Bones bones everywhere. The past use of the bay was quite obvious all along the shoreline. The whole place was littered with whale and seal bones, all aged and weathered by the harsh environment. Thankfully this does not go on anymore. It was quite sobering, yet upsetting seeing this. I can only imagine what the colour of the water and the stench must have been like in the days when these glorious mammals were butchered. Brutal humanity doing what it does best...
Along the lower cliffs were found South Georgia (Imperial) Shags, Snowy Sheathbills, Kelp Gulls and Antarctic Terns nesting and feeding. The Snowy Sheathbills came to visit the ship on a couple of occasions that day and are very curious birds. I found the Sheathbills to be hilarious and quite primal in their appearance and behaviour. A small group of half a dozen Gentoo Penguins looked lost at one side of the bay. Antarctic Terns fished along the edges and shallows, while Kelp Gulls just meandered amongst the Fur Seals and ran the gauntlet though the Shag colonies. It was great seeing some South Georgia Pintails here as well, with about 6 birds present, mostly paired up. They didn't take to the Zodiacs all too well and always flew to the opposite shore when we puttered by.
South Georgia Shags on their nests on the tussac grass.
An adult Kelp Gull meanders through the resting Fur Seals, looking for an easy meal.
A pair of South Georgia Pintails.
An Antarctic Tern hunts along the shallows of Godthul bay.
South Georgia Shags fish along the shallows of Godthul Bay.
A pair of South Georgia Pintail in flight.
The cliffs here were very steep, which you can sort of gauge from the image below with the Sea Spirit at the base. The weather was not spectacular, with low cloud/fog but at least it was dry and cold. The colours here are quite muted, with mosses, lichens and short grasses being weather-beaten and burned of any vibrancy. There was only one area where the colour was a bit more vibrant, along the flow of a small waterfall at one side of the cliff. There, some more lush herbage was evident and stood out against the muted greys and browns. Light-mantled Sooty Albatrosses were flying by here in their display flight, while their haunting calls and songs echoed around the bay. It was surreal.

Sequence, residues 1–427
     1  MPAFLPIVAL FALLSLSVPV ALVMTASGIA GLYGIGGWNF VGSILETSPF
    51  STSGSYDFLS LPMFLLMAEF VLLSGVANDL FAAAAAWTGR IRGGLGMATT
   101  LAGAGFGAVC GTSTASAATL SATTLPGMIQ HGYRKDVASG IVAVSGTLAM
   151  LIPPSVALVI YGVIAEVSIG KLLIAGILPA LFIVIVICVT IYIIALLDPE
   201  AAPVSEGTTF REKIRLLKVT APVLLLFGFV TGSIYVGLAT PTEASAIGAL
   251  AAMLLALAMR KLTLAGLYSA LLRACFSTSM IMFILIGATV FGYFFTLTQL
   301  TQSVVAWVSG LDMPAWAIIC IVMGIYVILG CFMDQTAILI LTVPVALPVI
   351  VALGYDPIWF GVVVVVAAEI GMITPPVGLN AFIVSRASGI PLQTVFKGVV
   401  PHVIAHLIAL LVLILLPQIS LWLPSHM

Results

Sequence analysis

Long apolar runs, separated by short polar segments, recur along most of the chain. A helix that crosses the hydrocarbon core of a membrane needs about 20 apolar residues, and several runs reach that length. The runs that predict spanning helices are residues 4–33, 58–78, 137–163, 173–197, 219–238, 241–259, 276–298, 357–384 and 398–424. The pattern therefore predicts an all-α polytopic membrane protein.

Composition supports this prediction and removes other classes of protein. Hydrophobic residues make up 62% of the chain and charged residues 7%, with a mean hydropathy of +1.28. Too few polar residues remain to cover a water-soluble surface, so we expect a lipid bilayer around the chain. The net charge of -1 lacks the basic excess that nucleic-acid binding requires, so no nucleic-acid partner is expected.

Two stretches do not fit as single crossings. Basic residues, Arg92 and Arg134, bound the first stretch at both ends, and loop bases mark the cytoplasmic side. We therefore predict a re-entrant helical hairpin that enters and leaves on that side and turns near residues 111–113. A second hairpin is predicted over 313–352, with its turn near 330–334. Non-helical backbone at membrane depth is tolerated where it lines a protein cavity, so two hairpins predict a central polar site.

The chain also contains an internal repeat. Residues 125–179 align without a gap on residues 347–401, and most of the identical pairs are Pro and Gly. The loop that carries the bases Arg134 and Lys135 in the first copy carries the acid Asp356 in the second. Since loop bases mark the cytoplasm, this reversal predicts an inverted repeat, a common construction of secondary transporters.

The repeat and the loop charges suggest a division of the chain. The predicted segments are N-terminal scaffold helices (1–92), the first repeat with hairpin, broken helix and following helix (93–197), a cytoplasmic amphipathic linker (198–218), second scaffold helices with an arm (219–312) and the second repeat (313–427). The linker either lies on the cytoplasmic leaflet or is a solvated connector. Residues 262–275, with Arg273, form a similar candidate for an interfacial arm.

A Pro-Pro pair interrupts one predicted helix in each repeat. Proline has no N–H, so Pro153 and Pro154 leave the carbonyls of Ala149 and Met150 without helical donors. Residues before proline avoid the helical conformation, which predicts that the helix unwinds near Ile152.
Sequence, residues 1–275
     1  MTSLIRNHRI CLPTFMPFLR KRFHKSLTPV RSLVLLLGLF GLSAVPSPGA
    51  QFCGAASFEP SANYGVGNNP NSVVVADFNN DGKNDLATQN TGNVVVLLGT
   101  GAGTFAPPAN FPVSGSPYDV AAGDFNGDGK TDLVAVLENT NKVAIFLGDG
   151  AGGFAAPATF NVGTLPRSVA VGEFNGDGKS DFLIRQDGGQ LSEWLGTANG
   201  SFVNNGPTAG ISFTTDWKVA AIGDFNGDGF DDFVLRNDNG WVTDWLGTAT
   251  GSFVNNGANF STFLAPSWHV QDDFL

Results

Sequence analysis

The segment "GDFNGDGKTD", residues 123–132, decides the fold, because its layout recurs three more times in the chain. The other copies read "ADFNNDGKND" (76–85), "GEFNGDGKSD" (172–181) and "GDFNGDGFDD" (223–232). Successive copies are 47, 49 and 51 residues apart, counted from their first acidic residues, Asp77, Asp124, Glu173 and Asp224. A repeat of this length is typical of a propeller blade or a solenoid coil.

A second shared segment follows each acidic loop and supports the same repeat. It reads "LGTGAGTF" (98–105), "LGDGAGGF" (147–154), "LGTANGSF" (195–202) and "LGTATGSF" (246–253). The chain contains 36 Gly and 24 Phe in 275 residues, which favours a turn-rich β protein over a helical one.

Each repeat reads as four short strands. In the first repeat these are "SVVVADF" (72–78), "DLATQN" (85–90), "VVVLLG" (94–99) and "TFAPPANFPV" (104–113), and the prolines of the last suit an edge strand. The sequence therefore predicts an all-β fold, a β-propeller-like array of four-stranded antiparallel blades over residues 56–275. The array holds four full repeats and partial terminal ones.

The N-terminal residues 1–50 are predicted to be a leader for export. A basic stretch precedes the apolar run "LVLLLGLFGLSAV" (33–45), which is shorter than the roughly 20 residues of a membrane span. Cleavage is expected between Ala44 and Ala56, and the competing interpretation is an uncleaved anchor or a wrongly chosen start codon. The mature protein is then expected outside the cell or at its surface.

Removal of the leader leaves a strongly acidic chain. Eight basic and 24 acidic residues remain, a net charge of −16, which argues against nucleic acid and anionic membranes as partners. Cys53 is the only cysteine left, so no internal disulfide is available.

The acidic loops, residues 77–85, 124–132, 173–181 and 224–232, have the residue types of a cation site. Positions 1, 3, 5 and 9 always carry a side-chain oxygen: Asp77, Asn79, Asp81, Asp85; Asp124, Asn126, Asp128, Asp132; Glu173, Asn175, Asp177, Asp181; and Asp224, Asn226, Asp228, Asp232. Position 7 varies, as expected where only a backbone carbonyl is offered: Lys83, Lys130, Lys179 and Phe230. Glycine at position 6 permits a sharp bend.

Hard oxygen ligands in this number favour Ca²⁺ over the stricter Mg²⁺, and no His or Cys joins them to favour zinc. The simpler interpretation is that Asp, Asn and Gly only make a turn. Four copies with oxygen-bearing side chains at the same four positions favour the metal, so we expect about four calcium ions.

After a few hours on the water and puttering around the bay with Paul, Cristina and Jim, we headed back to the Sea Spirit for some more food and beverages. A hot mug of coffee was in order. A few Cape Petrels were hanging around the boat and fed on whatever was thrown up by the ships engines as we turned and headed out of the bay into open sea and on towards St. Andrew's Bay...home to nearly 500,000 King Penguins...
Keywords: Albatross, Canon, Cape Petrel, Carmody, Duck, Elephant Seal, Fur, Fur Seal, Jim Wilson, Mark Carmody, Photography, Pintail, Quark, Seal, South, South Georgia Pintail, Whale, Whale bone
Mark - I'm enviously catching up with your Antarctic adventure! I was as surprised to see how yellow the legs of the Kelp Gull in this post are - I usually think of them being green when I'm hopefully scanning GBB flocks here. I guess there must be variation. Thanks, John C